Many fields now have postdocs but that's another 3-5 years, during which you'll make $50k/year, have limited job security, and may need to move. If your research works out well (good results, hot field, right connections with other researchers), you can join the fray that is the academic job market, and scrap for grants to hang onto the job. If it doesn't, it becomes harder and harder to stay a postdoc: fellowships are mostly limited to new PhDs, grants don't have enough room for non-student salaries, and institutional policies force you out.
I'm extremely skeptical that any PhD can "easily" obtain a salary of $300,000 without negotiation. Maybe 5+ years ago a few could, if they were ahead of the AI game. But what hiring manager would you be fooling today?
I'm sure there are a few PhDs here that will prove one of us wrong.
That said, I agree with your sentiment.
When Apple announced period tracking in its Health app, there was another round of articles of how Apple eats its own from the app store.
I mostly agree that it's problematic that Apple runs the App Store AND competes with other apps on it. But we have to take this sort of thing into consideration too.
But we have found again and again, that these third party apps have absolutely no data protections and will happily sell your data to other entities.
So if you want to track your period (and other such sensitive data) and not have your sex life sold to everyone, use the first party app. Even Apple can't see your data.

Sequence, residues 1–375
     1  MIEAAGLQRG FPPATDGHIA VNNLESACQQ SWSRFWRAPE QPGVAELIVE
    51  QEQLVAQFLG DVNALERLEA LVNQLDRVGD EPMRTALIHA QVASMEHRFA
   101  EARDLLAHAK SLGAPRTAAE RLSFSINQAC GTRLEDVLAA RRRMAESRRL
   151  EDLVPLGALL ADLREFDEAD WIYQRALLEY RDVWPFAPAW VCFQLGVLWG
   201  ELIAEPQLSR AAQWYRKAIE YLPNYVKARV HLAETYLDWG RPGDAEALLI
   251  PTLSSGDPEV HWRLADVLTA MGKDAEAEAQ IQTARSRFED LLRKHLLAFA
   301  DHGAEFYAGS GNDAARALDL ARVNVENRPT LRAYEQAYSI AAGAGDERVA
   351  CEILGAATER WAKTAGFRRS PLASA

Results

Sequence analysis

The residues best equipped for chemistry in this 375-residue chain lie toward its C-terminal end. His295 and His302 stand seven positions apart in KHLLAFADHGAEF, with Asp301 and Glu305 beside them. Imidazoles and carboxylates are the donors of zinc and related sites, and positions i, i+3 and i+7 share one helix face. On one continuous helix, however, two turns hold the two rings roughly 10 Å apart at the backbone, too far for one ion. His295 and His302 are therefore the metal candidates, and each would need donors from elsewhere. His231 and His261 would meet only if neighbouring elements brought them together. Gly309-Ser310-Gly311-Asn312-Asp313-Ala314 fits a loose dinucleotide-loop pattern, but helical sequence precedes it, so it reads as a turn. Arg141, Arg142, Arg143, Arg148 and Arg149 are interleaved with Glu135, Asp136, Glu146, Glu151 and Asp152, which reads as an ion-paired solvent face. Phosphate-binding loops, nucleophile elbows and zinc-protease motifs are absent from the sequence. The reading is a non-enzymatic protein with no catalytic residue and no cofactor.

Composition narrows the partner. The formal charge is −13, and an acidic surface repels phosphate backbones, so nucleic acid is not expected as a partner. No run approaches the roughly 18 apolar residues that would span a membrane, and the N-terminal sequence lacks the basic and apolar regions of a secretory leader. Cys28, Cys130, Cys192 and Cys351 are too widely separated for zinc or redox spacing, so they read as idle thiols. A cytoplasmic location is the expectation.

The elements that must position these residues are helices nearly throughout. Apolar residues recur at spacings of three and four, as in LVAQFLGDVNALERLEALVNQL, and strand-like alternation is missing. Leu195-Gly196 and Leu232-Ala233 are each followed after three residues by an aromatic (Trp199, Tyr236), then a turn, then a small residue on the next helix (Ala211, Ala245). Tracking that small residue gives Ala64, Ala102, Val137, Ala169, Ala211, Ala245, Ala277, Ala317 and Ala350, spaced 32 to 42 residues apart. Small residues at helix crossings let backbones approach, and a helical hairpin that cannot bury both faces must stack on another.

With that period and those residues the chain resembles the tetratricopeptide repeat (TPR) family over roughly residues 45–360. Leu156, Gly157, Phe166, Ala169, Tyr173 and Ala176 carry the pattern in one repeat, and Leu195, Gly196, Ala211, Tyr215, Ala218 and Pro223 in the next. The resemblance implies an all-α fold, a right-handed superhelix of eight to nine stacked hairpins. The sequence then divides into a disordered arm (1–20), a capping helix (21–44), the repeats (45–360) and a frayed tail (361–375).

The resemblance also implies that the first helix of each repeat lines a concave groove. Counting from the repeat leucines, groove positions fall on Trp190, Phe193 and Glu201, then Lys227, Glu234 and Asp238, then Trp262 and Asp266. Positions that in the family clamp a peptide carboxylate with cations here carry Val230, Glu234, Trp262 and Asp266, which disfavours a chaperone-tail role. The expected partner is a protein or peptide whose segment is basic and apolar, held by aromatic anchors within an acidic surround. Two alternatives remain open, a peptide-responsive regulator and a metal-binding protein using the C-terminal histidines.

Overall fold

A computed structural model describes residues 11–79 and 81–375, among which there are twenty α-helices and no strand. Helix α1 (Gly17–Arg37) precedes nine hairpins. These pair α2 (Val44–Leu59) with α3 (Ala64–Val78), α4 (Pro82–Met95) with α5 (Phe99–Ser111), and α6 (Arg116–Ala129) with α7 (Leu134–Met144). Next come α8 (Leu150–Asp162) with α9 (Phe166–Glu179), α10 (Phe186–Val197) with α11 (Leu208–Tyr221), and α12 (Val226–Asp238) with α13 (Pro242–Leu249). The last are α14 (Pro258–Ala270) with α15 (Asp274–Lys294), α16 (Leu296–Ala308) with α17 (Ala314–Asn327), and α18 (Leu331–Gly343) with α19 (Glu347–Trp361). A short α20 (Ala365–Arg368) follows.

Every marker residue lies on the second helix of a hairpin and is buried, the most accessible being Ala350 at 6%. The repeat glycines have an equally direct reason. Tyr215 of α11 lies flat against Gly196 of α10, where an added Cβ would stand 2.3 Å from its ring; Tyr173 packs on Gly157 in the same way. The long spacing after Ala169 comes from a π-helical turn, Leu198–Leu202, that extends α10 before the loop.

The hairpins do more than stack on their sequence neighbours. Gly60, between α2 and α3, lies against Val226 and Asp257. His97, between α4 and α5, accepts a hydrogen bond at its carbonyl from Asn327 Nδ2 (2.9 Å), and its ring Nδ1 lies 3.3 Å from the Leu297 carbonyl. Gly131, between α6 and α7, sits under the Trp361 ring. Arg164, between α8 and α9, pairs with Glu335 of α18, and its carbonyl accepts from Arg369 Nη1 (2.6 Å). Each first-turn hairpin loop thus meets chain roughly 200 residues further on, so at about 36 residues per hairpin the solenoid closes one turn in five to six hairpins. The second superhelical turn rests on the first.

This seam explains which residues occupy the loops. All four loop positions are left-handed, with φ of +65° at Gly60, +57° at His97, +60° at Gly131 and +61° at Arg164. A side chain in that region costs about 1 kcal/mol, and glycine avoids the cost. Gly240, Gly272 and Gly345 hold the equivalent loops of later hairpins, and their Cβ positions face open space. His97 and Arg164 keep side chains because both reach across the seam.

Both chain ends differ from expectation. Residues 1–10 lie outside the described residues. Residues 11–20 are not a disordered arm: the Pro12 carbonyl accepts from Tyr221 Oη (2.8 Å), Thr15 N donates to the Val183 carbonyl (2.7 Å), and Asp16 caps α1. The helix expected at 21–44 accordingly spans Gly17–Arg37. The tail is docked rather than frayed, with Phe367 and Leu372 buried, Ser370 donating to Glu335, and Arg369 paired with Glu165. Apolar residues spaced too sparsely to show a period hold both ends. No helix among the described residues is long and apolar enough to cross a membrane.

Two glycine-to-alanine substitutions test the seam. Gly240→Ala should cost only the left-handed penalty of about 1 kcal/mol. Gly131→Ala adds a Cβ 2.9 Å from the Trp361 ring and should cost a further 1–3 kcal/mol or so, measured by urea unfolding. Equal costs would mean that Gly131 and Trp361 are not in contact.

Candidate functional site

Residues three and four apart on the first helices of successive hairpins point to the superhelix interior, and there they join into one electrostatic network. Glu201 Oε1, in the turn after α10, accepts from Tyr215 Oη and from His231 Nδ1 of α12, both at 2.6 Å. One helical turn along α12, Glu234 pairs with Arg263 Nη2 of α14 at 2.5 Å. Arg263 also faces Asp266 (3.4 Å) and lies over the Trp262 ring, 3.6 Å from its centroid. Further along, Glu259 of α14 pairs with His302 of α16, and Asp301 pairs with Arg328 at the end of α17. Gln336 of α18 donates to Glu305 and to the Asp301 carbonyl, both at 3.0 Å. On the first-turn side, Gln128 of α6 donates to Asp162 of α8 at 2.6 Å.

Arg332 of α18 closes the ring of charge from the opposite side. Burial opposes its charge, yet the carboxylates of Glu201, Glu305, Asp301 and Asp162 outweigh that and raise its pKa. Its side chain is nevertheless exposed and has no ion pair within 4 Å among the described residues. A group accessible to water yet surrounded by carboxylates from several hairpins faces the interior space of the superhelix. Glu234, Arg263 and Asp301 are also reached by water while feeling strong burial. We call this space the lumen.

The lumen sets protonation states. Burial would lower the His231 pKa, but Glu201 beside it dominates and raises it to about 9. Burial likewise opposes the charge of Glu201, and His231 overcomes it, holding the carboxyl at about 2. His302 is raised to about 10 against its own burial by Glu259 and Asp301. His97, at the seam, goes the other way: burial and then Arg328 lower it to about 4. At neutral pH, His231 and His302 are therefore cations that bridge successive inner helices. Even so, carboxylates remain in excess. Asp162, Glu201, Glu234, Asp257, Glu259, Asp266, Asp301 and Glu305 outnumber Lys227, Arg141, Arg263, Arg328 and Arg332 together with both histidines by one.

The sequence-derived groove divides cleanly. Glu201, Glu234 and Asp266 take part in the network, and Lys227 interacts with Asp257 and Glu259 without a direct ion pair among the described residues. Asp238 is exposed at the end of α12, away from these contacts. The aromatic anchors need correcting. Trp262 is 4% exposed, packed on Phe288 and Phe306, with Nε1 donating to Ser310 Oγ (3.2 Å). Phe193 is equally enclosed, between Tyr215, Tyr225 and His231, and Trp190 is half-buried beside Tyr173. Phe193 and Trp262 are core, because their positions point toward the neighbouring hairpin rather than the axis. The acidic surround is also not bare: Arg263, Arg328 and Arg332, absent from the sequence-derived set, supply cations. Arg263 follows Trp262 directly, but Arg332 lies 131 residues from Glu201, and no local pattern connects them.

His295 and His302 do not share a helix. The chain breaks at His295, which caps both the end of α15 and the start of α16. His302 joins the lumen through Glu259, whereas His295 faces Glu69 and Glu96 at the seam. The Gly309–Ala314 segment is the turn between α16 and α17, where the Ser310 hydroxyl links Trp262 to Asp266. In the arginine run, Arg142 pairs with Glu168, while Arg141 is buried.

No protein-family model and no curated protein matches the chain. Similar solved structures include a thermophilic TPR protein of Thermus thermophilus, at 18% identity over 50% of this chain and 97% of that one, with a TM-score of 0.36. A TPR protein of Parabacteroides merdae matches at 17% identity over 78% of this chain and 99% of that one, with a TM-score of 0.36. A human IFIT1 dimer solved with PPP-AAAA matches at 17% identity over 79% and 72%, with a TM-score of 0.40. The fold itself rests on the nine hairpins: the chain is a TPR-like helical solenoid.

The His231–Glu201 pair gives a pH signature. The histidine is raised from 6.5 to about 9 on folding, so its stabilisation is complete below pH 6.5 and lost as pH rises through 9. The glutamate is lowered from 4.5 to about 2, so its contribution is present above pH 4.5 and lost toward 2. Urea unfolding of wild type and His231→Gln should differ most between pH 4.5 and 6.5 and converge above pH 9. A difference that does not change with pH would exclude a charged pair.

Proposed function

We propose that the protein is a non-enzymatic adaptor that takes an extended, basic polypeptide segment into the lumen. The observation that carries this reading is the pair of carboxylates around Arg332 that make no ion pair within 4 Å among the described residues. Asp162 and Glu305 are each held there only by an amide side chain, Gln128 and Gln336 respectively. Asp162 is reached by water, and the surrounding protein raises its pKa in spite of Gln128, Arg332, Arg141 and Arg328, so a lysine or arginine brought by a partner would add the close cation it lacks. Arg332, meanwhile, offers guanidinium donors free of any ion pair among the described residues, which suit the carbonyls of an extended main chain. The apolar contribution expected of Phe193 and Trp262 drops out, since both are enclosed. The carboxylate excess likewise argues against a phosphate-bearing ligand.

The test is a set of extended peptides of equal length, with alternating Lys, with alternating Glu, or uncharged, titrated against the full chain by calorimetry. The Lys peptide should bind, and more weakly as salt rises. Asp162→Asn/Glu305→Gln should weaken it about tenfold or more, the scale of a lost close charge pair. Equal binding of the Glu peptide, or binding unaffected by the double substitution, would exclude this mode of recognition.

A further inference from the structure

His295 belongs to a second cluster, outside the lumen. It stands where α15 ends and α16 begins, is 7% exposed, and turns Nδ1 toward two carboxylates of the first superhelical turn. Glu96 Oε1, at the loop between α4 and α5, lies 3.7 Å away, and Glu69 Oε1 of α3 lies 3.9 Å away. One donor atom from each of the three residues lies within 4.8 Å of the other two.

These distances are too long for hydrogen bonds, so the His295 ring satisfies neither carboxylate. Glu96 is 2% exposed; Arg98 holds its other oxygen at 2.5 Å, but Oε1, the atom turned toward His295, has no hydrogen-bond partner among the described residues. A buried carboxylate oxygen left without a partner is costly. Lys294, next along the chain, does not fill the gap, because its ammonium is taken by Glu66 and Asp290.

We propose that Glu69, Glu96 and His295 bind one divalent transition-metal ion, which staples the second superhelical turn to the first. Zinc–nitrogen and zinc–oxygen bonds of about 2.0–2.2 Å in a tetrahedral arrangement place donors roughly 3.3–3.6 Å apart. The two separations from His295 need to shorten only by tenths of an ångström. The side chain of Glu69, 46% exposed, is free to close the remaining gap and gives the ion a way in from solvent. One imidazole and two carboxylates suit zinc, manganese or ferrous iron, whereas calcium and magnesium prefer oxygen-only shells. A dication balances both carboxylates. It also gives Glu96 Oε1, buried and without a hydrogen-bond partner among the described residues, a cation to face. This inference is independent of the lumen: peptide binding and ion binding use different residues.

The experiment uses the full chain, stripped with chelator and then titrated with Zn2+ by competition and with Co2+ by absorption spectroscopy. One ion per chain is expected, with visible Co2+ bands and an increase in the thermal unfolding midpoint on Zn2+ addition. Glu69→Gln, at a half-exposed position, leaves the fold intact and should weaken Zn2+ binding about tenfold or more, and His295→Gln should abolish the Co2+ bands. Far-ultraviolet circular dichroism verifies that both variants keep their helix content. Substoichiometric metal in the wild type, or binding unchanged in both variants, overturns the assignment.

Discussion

That stuff would cut into the planet-size hoard of profit Apple makes off the app store, though, so I wouldn't hold my breath.
There are dozens of times when app developers say "oops" during a data sharing leak, either because they want to fake not having known that they were sharing data, or (probably more likely) they were using an SDK that itself was leaking tons of data that they didn't know they were signing up for.
Apple closes loopholes, the press cries about App Store dominance, app developers cry out, new rules are put in, and then they circumvent those rules. Rinse and repeat.
Edit: "impossible" -> "nearly impossible"
If personal data companies don’t start regulating themselves they will get it forced on them by the government. Financial, medical, and defense companies already do it.
Aka the Facebook model.. tldr: "developer, click here to promise to behave". Aka the "click here if you are 18 or older" model. Thanks Zuck, for giving us Cambridge Analytica.
What a bunch of effing liars. "We promise we keep your data secure" is yet another meaningless statement...
I try to shy away from blanket statements but this seems like a pretty good one :P
What a joke!!
Everyone knows thats facebook's whole business model and they aren't shy about it. If you're developing an app that collects personal data, its in your hands to make sure its shared appropriately.
EDIT - wow I got downvoted for being in favour of GDPR!?
Absolutely, yes. Remember, this site is chock full of people in adtech, and the GDPR works directly against their employers' goals. Remember the old saying: "It is very difficult to get a man to understand something when his salary depends on him not understanding it." On top of that, software people in the US skew disproportionately libertarian, and they think that any law curtailing business behavior, no matter how abhorrent, is bad and that we should rely on "the invisible hand" to regulate everything.